that sounds great. the gentleman is recognized. >> thank you, hello, everybody. i oppose this bill. we don't have the final score, i don't think, but it will add $600 billion to the deficit. tax extenders are temporary for a good reason. to address their impact on the deficit and also to take them up in the context of overall tax reform. and this bill does just the opposite. it essentially says there's a free lunch. it's the opposite of what was done by the previous chairman david camp who looked at all these provisions, made some of them permanent and others not and paid for them.
plus the fact the bill isn't balanced. businesses receive about 60% of these cuts. let me say a few words of the impact of proceeding this way essentially affecting the budget baseline and making these permanent unlike the temporary. if you make them temporary you have to pay for them. in terms of the baseline. this just folds it into them. it will have a major impact on discretionary spending in the years ahead. that's the consequence of adding $600 billion to the deficit. nondiscretionary, nondefense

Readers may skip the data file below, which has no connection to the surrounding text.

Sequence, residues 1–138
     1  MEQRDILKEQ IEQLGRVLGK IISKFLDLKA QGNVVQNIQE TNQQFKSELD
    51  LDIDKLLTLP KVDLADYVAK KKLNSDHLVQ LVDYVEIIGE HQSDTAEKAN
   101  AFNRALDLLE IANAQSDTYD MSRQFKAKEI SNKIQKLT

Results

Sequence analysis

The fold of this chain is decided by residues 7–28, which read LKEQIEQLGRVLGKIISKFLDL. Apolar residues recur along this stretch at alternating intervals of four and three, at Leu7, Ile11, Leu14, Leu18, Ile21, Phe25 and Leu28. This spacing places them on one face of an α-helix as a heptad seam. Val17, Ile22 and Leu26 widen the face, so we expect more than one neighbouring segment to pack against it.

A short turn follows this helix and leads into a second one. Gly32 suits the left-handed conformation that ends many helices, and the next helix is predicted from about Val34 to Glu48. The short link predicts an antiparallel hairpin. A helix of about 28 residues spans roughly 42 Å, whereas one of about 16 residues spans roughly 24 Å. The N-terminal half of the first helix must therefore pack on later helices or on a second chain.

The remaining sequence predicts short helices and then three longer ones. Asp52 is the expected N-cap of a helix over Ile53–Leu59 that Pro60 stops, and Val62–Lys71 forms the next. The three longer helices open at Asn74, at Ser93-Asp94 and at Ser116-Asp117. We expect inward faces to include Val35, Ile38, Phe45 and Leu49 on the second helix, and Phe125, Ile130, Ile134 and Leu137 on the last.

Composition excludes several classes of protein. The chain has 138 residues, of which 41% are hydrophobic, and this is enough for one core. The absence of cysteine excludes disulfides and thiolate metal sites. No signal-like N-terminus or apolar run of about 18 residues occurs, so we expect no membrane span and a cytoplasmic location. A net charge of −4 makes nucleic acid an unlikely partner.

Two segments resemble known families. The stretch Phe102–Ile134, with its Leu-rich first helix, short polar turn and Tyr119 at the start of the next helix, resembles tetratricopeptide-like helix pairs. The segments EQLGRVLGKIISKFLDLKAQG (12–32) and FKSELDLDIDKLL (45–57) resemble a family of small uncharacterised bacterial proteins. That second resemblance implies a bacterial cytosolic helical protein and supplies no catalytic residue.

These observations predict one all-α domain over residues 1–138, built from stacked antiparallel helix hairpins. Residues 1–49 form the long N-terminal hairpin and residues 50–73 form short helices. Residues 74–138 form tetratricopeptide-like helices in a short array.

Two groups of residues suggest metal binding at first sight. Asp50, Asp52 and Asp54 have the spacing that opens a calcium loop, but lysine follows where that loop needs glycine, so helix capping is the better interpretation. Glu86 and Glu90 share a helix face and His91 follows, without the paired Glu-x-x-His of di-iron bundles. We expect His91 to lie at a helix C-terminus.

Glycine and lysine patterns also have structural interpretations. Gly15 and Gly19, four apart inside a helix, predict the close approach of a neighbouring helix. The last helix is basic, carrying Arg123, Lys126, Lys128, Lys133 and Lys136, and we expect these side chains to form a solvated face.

appropriations today are at the lowest level in terms of overall economic structure since 1962. the lowest. also what this does by not offsetting now essentially saying they won't have to be ever, and so that means that, therefore, it's possible for, therefore, to be so-called tax reform with tax reductions that mainly benefit the very wealthy. and they essentially are arguably paid for themselves. on bonused depreciation it's another example of what we should not be doing.